dollars in contributions for scholarships for poor children. So I guess I have to
accept the fact that these stories can have other consequences. We put this stuff
in the paper because we have proved as sufficiently as we can that it's true. At
the Talladega Daily Home, if I misspelled a running back's name, all I was going
to do was make his momma mad at me. If I get something wrong in the New
York Times, well let's just say the consequences are greater.

Q: I want to go back to Florida, and why that state in general and Miami in particular
was such an important place in your career so far.

A: I think it's just because this state, bar none, is the best place to be a reporter in
this country. Hell, maybe in any country. The variety of people and the variety of
problems coupled with geography make it the best state for stories. I believe that
Florida is where I really flexed what little bit of literary muscle I have. And I think it
made me a better writer, and it sure as hell made me a better reporter. And if you
think about Florida as this very dysfunctional, dangerous, but mildly entertaining
family, then Miami has to be the uncle they keep chained in the attic.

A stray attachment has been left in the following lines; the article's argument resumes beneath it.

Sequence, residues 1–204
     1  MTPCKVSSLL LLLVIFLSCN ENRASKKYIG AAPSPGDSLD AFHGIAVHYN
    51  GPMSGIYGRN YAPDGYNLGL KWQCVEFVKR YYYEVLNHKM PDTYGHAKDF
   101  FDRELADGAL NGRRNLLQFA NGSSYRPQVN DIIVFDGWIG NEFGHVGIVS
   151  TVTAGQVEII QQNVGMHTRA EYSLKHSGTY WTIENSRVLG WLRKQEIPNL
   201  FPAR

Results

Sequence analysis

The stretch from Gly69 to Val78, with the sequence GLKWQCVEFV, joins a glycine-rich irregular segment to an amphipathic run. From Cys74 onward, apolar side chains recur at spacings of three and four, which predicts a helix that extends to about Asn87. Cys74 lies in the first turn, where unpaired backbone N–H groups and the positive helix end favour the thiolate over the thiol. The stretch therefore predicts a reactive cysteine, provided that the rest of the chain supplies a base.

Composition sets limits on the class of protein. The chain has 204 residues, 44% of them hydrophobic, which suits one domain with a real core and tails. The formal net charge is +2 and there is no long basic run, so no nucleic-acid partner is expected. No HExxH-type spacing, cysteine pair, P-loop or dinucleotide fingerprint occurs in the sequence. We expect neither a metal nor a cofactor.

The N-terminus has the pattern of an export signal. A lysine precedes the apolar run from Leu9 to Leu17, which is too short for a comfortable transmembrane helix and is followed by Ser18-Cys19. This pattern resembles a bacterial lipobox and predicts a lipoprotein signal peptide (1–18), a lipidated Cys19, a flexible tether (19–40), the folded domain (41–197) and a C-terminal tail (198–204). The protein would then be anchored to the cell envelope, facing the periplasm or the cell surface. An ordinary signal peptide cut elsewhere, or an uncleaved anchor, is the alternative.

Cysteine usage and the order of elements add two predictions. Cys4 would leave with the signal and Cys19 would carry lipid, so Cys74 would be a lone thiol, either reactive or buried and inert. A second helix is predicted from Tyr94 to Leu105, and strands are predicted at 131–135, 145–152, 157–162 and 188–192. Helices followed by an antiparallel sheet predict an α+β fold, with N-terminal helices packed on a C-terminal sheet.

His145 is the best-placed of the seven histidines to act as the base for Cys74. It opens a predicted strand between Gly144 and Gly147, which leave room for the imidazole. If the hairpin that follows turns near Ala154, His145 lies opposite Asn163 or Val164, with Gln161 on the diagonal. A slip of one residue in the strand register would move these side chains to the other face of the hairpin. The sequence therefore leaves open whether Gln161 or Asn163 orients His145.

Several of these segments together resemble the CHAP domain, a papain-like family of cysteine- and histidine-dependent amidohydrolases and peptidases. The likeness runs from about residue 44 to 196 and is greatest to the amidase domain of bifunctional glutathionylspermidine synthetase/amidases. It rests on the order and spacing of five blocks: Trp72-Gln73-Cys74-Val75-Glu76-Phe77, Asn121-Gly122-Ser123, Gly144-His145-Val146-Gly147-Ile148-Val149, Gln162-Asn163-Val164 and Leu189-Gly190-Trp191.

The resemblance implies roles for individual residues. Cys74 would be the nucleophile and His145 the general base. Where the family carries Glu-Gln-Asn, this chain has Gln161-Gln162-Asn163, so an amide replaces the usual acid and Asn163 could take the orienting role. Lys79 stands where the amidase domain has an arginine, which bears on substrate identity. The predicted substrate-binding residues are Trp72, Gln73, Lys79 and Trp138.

My very first day in Miami, Nelson Mandela was being honored by a union group
there and the town-which is split along racial lines in the best of times-had come
apart completely over his visit. Black folks of course worshiped him for the
obvious reasons, but the Cubans, angry that he had once embraced Fidel
Castro, were seething. I drove out to Miami Beach, parked my car, and the very
first thing I saw when I looked up was Cuban folks and black folks picking up
dried horse manure from the street and throwing it at each other. The horse
manure was there because the city had decided it was necessary to use
mounted police officers to try to keep them from killing each other. I went and got
myself a can of pineapple juice at a little bodega, walked back to the steps of the
civic center, propped myself up comfortable and settled in for the show. I thought
to myself, Lord, I have found me a home. This is the honest-to-God truth.

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And someone at the Nieman Foundation program at Harvard I'm still not real
sure who it was mailed me an application and a blank envelope. All my life I